Approximately 1,000 bp promoter sequences extending 5′ from, but not including, the translation start codon of six genes (At3g20570, At2g25060, At4g31840, At2g23990, At4g30590, and At5g25090) were PCR amplified from the transformation-competent artificial chromosome or bacterial artificial chromosome clones K10D20, F27C12, F11C18, T29E15, F17I23, and Col-0 Arabidopsis genomic DNA, respectively. The amplicons were initially cloned into pGEM-T easy vector, and specific primers were designed to subclone the amplicons into SalI and XbaI restriction sites located 3 bp 5′ of the translation initiation codon of the GUS reporter gene (uidA) in the pGPTV-Kan binary vector (Becker et al., 1990). The binary vectors were transferred into the Agrobacterium tumefaciens strain EHA105 and used to transform Arabidopsis ecotype Col-0 by the floral dip technique of Clough and Bent (1998). Transgenic plants were selected on agar plates supplemented with kanamycin, and kanamycin-resistant seedlings were transplanted and grown in a Conviron growth chamber for 4 weeks before histochemically screening the plants using the substrate 5-bromo-4-chloro-3-indolyl-β-d-glucouronide, as described by Jefferson et al. (1987). GUS-positive plants were verified for the insert, self pollinated, and the subsequent generation of GUS-positive plants were histochemically stained and documented.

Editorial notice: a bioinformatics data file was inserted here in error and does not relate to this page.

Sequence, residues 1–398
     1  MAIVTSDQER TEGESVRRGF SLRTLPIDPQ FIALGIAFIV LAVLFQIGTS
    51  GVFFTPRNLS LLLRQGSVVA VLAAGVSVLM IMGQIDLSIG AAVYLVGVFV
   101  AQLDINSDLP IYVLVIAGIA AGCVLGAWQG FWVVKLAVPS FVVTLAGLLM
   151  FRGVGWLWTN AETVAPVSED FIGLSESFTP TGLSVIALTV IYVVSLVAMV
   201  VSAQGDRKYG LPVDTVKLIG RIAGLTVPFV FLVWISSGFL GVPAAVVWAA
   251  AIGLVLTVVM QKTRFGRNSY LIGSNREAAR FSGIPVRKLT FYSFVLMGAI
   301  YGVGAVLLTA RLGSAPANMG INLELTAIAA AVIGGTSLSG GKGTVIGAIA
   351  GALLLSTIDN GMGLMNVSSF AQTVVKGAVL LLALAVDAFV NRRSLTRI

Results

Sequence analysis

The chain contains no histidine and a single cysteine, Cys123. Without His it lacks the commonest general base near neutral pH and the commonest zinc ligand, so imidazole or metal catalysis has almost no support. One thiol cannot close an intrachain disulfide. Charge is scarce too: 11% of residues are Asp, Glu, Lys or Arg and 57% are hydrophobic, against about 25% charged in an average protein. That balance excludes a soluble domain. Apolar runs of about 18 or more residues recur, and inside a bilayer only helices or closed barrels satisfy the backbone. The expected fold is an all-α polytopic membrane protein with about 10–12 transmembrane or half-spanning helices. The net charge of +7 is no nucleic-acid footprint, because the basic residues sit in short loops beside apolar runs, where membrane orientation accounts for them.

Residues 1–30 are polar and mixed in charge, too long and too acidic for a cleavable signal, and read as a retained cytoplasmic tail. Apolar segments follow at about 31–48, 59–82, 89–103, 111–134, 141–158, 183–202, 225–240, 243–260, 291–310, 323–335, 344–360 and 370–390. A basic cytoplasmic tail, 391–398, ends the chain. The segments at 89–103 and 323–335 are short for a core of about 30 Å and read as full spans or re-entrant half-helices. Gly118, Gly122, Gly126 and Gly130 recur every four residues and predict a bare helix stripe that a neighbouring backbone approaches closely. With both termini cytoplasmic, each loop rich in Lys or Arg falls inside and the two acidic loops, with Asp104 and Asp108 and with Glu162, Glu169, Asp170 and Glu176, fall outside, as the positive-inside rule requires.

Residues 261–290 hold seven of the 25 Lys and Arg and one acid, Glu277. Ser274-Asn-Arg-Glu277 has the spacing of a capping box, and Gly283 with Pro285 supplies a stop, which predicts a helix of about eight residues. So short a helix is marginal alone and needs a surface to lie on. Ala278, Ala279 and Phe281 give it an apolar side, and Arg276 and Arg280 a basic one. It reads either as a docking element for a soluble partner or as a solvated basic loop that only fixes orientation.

RS6 Protein Purification and Peptide Sequencing